HIGH SCHOOL BASEBALL It's a family affair at Western Reserve
Three cousins areplaying key roles inthe success of the Blue Devils this year.
By BRIAN RICHESSON
VINDICATOR SPORTS STAFF
BERLIN CENTER -- One is an outfielder who overcame a horrific wrist injury.
One is a 135-pound catcher who compares himself to a "sniper in the bushes."
The other is a steady pitcher whose coach has so much confidence in him that oftentimes he faces the opposition's best.
They each have a story or skill that sets them apart. Yet, they are tied together by a common bond.
Ben Martin, Andrew Lenhart and Jason Young are cousins. They are also senior leaders of the Western Reserve High baseball team.
"We were pretty close just growing up here," Young said. "Now, if one of us is doing something wrong [on the field], it's a lot easier for us to tell each other."
With their 15-6 record, the Blue Devils have surpassed the program's previous high for wins in a season (13) and are hoping to make an impact in the Division IV tournament. They play host to Mogadore in a sectional game Tuesday at 4:30 p.m.
"There's a drive to win that we haven't really had before," Martin said. "We know we have the potential and we can do it."
Most of the team's success comes from this group of close cousins who live only miles apart and have grown accustomed to their leadership role.
"We go as those three guys go," Western Reserve coach Paul Henderson said.
Sacrificing his body
Take Martin, the outspoken outfielder and leadoff hitter, who still recalls the pain of his freshman season, the bittersweet moment of playing on the varsity team but having it ruined by a painful injury.
He had been playing well in scrimmages and could hardly contain his excitement for the upcoming season.
Yet, at the season's outset, when he tracked down a long fly ball into foul territory and made a stunning catch, he knew something was wrong.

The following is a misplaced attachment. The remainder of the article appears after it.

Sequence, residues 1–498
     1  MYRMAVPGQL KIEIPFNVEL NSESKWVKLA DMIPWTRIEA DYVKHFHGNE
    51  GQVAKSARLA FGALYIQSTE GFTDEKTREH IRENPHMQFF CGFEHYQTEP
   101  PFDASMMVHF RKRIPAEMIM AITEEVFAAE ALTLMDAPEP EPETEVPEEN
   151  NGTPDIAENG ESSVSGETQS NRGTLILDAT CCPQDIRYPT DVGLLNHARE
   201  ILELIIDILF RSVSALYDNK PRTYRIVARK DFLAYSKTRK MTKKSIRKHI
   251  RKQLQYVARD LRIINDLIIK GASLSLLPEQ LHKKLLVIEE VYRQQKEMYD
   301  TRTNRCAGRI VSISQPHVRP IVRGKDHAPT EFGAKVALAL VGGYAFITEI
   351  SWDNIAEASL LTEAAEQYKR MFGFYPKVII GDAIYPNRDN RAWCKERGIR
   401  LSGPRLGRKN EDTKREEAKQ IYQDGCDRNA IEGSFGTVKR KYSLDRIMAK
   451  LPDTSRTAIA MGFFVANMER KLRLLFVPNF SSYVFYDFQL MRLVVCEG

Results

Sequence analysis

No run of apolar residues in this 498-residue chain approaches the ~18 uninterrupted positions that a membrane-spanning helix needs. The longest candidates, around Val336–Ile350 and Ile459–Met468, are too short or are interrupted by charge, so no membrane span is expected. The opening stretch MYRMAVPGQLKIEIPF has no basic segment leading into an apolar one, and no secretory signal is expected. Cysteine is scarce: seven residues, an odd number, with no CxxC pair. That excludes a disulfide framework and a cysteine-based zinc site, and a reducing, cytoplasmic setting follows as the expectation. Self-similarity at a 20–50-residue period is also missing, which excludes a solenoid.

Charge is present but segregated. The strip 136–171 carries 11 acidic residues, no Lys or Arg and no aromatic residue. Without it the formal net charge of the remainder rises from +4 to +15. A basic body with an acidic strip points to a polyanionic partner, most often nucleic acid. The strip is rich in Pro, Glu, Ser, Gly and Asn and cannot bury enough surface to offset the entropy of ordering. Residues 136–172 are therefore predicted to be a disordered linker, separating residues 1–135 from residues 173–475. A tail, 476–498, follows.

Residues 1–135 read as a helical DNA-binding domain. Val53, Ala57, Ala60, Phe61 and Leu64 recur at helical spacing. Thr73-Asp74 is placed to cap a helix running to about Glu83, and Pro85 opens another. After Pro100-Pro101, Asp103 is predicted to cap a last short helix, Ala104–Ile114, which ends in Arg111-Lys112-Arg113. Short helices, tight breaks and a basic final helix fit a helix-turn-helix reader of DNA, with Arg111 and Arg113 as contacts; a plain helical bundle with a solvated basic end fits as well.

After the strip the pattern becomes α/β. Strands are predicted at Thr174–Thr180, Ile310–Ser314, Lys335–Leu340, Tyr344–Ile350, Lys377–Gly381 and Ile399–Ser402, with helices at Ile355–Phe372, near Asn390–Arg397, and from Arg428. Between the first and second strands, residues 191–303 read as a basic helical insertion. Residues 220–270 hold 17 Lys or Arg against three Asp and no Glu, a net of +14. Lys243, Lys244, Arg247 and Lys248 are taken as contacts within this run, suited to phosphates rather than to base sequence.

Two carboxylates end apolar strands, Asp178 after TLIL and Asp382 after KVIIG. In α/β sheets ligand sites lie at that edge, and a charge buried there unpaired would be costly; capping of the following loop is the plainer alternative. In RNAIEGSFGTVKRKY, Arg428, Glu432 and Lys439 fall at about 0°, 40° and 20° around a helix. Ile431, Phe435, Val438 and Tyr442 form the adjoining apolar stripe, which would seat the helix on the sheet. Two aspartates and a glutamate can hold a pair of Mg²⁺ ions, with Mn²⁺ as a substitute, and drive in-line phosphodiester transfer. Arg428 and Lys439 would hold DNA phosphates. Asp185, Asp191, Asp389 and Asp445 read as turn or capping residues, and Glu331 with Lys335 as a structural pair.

"The second baseman ran out and said, 'Nice catch, Ben,' " Martin recalled. "Then he looked at my wrist and almost lost it."
In his attempt to catch the ball, Martin broke the wrist. But as Henderson recalls, Martin instinctively used his other arm to hold up the broken wrist and show the umpire he had made the catch.
"As a team, you see that and think, 'How can I be a slacker?' " Henderson said.
Martin, who recovered in time for the tournament, said, "It was just so heartbreaking. No pain killers for four hours. It was excruciating."
Lenhart weighs 135 pounds. He is also the Blue Devils' catcher, who carries an accurate arm and compares himself to a "sniper in the bushes."
"He's as quick as a cat behind the plate," Henderson said.
Martin said, "We're one of the smallest teams you'll ever see play, but we just play hard and together."
Lenhart is a weapon, Henderson said, because most baserunners don't even try to steal on him.
"When they don't run on us, I know why," Henderson said.
Because of a catcher who weights 135?
"There's no doubt in my mind that's the smallest catcher in the league," Henderson said. "There's no doubt in my mind that's the best catcher in the league."
Young moved into the Blue Devils' starting rotation as a sophomore and has been there since, providing leadership and depth.
"He has always been our No. 1 or 2 pitcher," Henderson said. "His ERA or record doesn't always look so great, but that's because I save him to pitch against tougher teams."
Young (2-3, 5.00 ERA), who also plays in the outfield, proved early that he was mature enough to handle the responsibilities of a varsity player.
Not only was he relied upon as a pitcher, but he also led the team in batting average (around .350) as a sophomore. It was then that Henderson knew he had a good one.
Of the 12 players on the varsity roster, four have family ties -- Martin, Lenhart, Young and Lenhart's young brother, Stephen. Young's younger brother, Adam, is on the junior varsity team.
Western Reserve hopes to rely on that closeness this week as the tournament begins.
"We've only been to a district game once," Henderson said. "If we're looking for this group to be the best that has been here, we'll have to do that again."